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Supply Chain News: Sweet Spot for Autonomous Trucks May be the "Middle Miles"


More Progress than Many Realize, with Walmart, USPS among Successful Testers

July 1, 2019
SCDigest Editorial Staff

eCommerce remains unprofitable for many companies, including Walmart, so anything that can reduce costs will be looked at with great interest.

That certainly includes autonomous trucks, with the promise of driverless deliveries – a major component of fulfillment costs.

Supply Chain Digest Says...

So it appears self-driving trucks really are coming, and focused on the middle-miles. Logistics will never be the same.

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But the technology is evolving, and the regulatory environment is behind the tech. And just how autonomous trucks can best be deployed isn't clear.

But the answer to that question may be the "middle miles."

That in fact was the concept Walmart was promoting during a recent demonstration for the press of driverless technology in Rogers, Arkansas.

According to a report from Bloomberg ( Keith Naughton and Matthew Boyle), that demonstration involved three Ford delivery vans using with self-driving technology developed by a company called Gatik, a Silicon Valley startup.

Gatik has been given a target: reduce the costs for Walmart's middle mile fulfillment by half.

What are middle miles? Business to business moves from warehouse to warehouse or to a pickup point, getting order closer but not all the way to consumers. It also includes the middle parts of long-haul routes handled today be truckload carriers.

Says Gartner analyst Mike Ramsey, "This area has the least number of obstacles and the most certain return on invested capital in the near term. If you're looking to start a business where you can actually generate revenue, this has fewer barriers than the taxi market" for freight.

Bloomberg says this middle miles transport may soon develop into a $1 trillion market, though does not explain how experts get to that number.

The big advantage for a middle mile automation focus: it doesn't involve all the delivery complexities that shipments all the way to a consumer's home require.

"Robo-vans like those being put to the test at Walmart follow fixed routes over and over, reducing the chance of mishaps and increasing their time in service generating revenue," Bloomberg notes. "Many of these routes are already established using human drivers today, so there's little need to map new paths and create infrastructure to load and receive the goods."

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Ford Motor Company, which is investing heavily in autonomous technology, uses the common logistics term "milk runs" to describe these consistent routes.

Bloomberg quotes Sherif Marakby, CEO of Ford's autonomous vehicles unit, as saying "Anything on driverless delivery that is a milk run is a good application for autonomy. B2C is a complex implementation for autonomy that will come with time, but B2B just makes it easier because you get volume and you can be more predictable."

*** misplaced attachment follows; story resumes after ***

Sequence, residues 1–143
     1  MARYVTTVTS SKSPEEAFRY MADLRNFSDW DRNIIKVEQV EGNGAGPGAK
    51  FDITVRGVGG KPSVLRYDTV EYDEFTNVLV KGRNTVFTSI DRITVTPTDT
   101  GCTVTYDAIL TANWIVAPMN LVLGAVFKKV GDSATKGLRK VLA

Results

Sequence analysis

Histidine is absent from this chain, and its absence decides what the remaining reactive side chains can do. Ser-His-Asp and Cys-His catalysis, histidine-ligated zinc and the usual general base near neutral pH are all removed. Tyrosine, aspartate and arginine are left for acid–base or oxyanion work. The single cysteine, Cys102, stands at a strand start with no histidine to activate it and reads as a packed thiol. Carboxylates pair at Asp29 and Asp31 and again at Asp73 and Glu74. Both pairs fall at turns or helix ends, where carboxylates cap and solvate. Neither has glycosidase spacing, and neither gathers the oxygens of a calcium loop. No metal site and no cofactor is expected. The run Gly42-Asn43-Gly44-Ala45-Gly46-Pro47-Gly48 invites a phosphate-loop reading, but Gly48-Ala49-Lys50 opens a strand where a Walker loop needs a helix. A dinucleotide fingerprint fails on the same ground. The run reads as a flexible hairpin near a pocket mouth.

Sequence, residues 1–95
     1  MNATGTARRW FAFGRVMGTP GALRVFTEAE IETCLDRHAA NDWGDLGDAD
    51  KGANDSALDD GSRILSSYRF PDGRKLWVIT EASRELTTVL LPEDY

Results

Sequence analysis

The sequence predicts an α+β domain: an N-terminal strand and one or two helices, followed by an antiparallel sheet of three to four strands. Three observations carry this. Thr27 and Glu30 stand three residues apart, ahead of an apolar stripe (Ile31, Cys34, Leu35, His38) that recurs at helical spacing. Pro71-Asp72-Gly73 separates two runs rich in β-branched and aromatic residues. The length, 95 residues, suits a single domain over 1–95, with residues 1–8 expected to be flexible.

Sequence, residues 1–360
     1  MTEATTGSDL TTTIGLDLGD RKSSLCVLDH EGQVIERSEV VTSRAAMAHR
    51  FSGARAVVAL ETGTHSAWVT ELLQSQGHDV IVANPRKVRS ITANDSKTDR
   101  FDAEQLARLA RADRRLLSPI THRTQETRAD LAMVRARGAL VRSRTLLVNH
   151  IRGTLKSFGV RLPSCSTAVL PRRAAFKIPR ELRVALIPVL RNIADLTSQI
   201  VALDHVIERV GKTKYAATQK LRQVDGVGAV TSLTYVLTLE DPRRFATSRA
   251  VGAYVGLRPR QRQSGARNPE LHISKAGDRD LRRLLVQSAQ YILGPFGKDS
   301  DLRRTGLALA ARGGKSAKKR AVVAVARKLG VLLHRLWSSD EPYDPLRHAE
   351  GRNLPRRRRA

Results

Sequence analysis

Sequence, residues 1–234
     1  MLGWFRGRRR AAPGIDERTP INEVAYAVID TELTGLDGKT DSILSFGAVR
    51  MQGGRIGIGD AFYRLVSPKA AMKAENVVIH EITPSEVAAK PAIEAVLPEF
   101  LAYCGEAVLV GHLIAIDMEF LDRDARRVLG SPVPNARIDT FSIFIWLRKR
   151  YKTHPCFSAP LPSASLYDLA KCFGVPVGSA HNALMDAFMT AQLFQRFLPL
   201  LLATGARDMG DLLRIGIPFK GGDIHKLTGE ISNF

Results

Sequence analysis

Technology companies are also turning investments towards this market after struggles over safety concerns for autonomous vehicles humans. And shipping cartons don't have the tendency to complain about their experience.

A Swedish company called Einride recently began low-speed robo-deliveries on public roads, and has test agreements with companies including tire-maker Michelin, German grocer Lidl, and 3PL DB Schenker and.

Bloomberg days Einride's T-Pod trucks resemble a Star Wars Imperial troop transport on wheels. They are 60% cheaper to build than a normal truck because they lack a passenger compartment.

If they run into issues, the T-Pods can be remote controlled by humans from a command center, with one human able to remotely monitor up to 10 trucks. The T-Pods operate in self-driving mode 95% of the time, according to CEO Robert Falck.

And as opposed to humans, the T-Pods can work round the clock, with no hours of service rules to worry about.

Another company, TuSimple out of San Diego, is already valued at $1.1 billion, but is just one of a number of start-ups looking to automate long-haul carriage. TuSimple already has a fleet of 50 robot Peterbilt and Navistar trucks that have been transporting commercial loads in Arizona for a year using its technology.

In late May, TuSimple's self-driving truck, which leverage cameras that can see more than a half-mile down the road, completed 10 test runs for the US Postal Service on a challenging 1,000-mile stretch from Phoenix to Dallas.

And the conditions were not easy for much of the journey. Over Memorial Day weekend, the trucks faced howling crosswinds and "mud rain," a blinding combination of dust, wind and rain. Yet the robo-rigs consistently beat human-driven trucks to the mail depot by as much as two hours.

So it appears self-driving trucks really are coming, and focused on the middle-miles. Logistics will never be the same.

Will "middle mile" deliveries move autonomous trucking forward? Let us know your thoughts at the Feedback section below.



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